“Maybe things are not as bad as we think, but we don’t know, says Hönisch. “[And] by the time we do, it may be too late to turn around.”

How Plastic Trees Could Help Pull Carbon Dioxide Out of the Air

We know that real trees soak up carbon from the atmosphere — but fake trees?

And you thought plastic palm trees had no redeeming value...

A cheap plastic that removes carbon dioxide (CO2) from the atmosphere? “Yes,” says a team of chemists at the University of Southern California’s  (USC) Loker Hydrocarbon Research Institute, led by Nobel Prize winner George Olah. Science Now reports on their work with an inexpensive polymer called polyethylenimine or PEI.

But how to maximize its absorption capabilities? Olah’s team dissolved the polymer in a solvent and spread it out, peanut-butter-style, on fumed silica — you know, like the stuff in those desiccant packets in your electronics packaging (“Do not eat,” by the way).  It’s also used as a stabilizer for lipstick and other make-up.

Continue reading

Can Rocks Really Store Enough CO2 to Keep it Out of the Atmosphere?

Stanford study suggests that carbon dioxide “sequestration” can be part of the global warming solution.

Stanford researchers Sally Benson and Jean-Christophe Perrin measure the movement of CO2 through rock samples.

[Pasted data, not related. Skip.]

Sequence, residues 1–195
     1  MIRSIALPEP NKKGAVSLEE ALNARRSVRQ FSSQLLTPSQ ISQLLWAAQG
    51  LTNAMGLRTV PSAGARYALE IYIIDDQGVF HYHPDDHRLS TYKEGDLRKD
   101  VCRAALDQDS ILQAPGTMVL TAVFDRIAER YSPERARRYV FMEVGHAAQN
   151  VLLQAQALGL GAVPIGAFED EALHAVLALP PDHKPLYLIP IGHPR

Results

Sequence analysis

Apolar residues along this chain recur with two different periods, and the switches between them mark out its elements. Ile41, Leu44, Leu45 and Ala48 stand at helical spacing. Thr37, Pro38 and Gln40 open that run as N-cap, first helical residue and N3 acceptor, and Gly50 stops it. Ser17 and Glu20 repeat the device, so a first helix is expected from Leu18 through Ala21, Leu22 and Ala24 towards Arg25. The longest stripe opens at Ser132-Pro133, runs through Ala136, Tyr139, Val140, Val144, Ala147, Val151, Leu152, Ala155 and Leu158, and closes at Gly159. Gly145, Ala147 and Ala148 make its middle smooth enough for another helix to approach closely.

Sally Benson and her lab crew have been giving rocks a very hard time.

The energy resources engineering professor has been heating rock to 122 degrees and subjecting it to the pressure of a hundred atmospheres —  the same pressure present at a half-mile or so underground — to see how carbon dioxide would move through the microscopic nooks and crannies.

It’s a key question for energy companies pinning their hopes on “carbon capture and sequestration” (CCS) as way to mitigate the high greenhouse gas emissions from burning fossil fuels. In practical terms, that means intercepting the CO2 and pumping it underground, essentially forever. Continue reading

A Source of CO2 That Might Surprise You

That babbling brook out back has been holding out on you

A satellite view of the Mississippi River shows a mosaic of riverbank land-use patterns.

Rivers and streams in the United States are releasing a lot more CO2 into the atmosphere than scientists previously thought, according to a new study by scientists at Yale. In fact, American waterways are discharging the gas into the atmosphere at a rate of 100 million metric tons per year, an amount equal to a car burning 40 billion gallons of gas, researchers say.

The study, conducted by David Butman and Peter Raymond of the Yale School of Forestry and Environmental Studies, looked at water chemistry data from more than 4,000 rivers and streams. The authors say identifying this significant source of CO2 could change the way scientists model the movement of carbon through ecosystems and the atmosphere.

“These rivers breathe a lot of carbon,” said Butman in a press release from the National Science Foundation, one of the study’s funders. “They are a source of carbon dioxide, just like we breathe out carbon dioxide and like smokestacks emit carbon dioxide.”

The study is published in the current issue of Nature Geoscience.